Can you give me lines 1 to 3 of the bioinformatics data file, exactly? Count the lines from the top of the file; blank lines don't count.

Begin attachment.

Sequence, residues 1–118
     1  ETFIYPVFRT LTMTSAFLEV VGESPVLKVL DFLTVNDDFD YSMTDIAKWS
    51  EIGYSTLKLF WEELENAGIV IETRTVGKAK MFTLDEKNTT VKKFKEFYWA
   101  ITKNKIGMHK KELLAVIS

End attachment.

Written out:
Sequence, residues 1–118
     1  ETFIYPVFRT LTMTSAFLEV VGESPVLKVL DFLTVNDDFD YSMTDIAKWS
    51  EIGYSTLKLF WEELENAGIV IETRTVGKAK MFTLDEKNTT VKKFKEFYWA